In late December 2003, the European Space Agency’s Mars Express spacecraft entered orbit around the red planet. Part of the mission was to send a lander, the Beagle 2, down to the surface to study the geology and other conditions at a site where water was known to have existed long ago.
Things didn’t go as planned. The lander went down but never sent a signal back home. Efforts to recover anything were for naught, and no one even knew if it landed successfully or if it had crashed onto Mars. The lander was declared lost in February 2004.
But now it’s been found! Using images from the HiRISE camera on the Mars Reconnaissance Orbiter, the Beagle 2 has definitely been spotted on the surface. Not only that, but it looks intact; that is, it didn’t crash into the surface. It appears to have landed safely … but it also looks like the solar panels needed to power it didn’t fully deploy.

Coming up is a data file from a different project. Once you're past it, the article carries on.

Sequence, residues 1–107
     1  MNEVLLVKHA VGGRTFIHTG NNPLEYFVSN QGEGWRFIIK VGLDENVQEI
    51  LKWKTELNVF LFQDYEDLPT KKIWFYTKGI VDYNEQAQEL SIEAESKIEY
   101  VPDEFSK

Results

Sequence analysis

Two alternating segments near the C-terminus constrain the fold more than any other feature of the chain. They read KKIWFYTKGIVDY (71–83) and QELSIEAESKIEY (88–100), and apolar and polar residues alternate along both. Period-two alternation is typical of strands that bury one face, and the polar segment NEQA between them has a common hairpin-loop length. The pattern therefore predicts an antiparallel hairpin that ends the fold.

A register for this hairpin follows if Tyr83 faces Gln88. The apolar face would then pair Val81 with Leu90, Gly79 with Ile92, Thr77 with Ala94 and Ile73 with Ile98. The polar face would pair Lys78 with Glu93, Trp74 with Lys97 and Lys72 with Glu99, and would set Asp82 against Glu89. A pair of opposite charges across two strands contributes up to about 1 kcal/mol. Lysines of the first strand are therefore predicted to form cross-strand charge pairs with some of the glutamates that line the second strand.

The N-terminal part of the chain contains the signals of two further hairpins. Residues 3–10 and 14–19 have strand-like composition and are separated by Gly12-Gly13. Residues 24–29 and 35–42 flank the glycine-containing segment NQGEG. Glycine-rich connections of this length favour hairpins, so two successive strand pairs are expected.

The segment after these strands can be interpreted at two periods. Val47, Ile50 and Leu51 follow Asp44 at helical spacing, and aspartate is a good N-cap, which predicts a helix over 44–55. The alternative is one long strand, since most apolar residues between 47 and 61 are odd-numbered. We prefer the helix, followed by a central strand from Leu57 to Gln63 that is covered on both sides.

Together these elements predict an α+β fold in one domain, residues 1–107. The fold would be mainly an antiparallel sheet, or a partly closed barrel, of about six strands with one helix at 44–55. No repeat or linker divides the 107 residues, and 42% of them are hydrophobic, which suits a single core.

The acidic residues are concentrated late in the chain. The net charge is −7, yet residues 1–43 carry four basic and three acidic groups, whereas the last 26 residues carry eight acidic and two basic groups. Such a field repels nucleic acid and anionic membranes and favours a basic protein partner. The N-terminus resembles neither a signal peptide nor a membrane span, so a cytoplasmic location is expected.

That spelled doom for two reasons. It couldn’t get all the juice needed to operate, but also the panels, which were supposed to open like flower petals, needed to be fully deployed to uncover the antenna used to communicate back to Mars Express and therefore to Earth. With the antenna blocked, the mission was doomed.
In some sense this is, well, not good news, but welcome. The lander, sadly, is dead and has been for a decade; there’s nothing that can be done about that. But, it shows that the mission did touch down safely, and that’s a very big deal to the engineers who designed the mission and who want to know what went wrong. Follow-up images will hopefully show which panels opened and which didn’t, and that may lead to a better understanding of why they failed.
It’s taken so long to find it because the lander is just a couple of meters across, and it landed in a region more than 15,000 square kilometers in size. Here’s an image that has the Beagle 2 in it. See if you can find it. Have fun.
It’s awful that this part of the mission failed—and mind you, the Mars Express Orbiter itself has been running beautifully and taking images and data of Mars for 11 years now!—but this is not the last time the ESA will want to land on Mars. A failed mission is a learning opportunity, and finding Beagle 2 means the chances of the next landing being a success just went up.
I tip my hat to the Beagle 2 team and to the lander itself. May its travails lead to better fortunes down the line.